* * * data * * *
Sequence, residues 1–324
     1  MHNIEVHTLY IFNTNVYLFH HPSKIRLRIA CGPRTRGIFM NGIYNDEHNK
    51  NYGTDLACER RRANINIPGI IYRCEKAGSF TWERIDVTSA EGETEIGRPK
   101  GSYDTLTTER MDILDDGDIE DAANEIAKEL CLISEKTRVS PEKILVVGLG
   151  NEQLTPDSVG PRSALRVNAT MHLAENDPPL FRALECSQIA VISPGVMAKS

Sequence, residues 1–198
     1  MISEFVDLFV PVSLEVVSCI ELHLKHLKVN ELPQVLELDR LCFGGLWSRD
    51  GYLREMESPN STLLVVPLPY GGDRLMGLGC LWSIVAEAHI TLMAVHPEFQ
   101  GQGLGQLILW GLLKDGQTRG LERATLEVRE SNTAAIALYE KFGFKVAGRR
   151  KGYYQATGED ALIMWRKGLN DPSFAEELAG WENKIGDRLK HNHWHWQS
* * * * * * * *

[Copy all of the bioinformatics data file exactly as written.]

Sequence, residues 1–324
     1  MHNIEVHTLY IFNTNVYLFH HPSKIRLRIA CGPRTRGIFM NGIYNDEHNK
    51  NYGTDLACER RRANINIPGI IYRCEKAGSF TWERIDVTSA EGETEIGRPK
   101  GSYDTLTTER MDILDDGDIE DAANEIAKEL CLISEKTRVS PEKILVVGLG
   151  NEQLTPDSVG PRSALRVNAT MHLAENDPPL FRALECSQIA VISPGVMAKS

Sequence, residues 1–198
     1  MISEFVDLFV PVSLEVVSCI ELHLKHLKVN ELPQVLELDR LCFGGLWSRD
    51  GYLREMESPN STLLVVPLPY GGDRLMGLGC LWSIVAEAHI TLMAVHPEFQ
   101  GQGLGQLILW GLLKDGQTRG LERATLEVRE SNTAAIALYE KFGFKVAGRR
   151  KGYYQATGED ALIMWRKGLN DPSFAEELAG WENKIGDRLK HNHWHWQS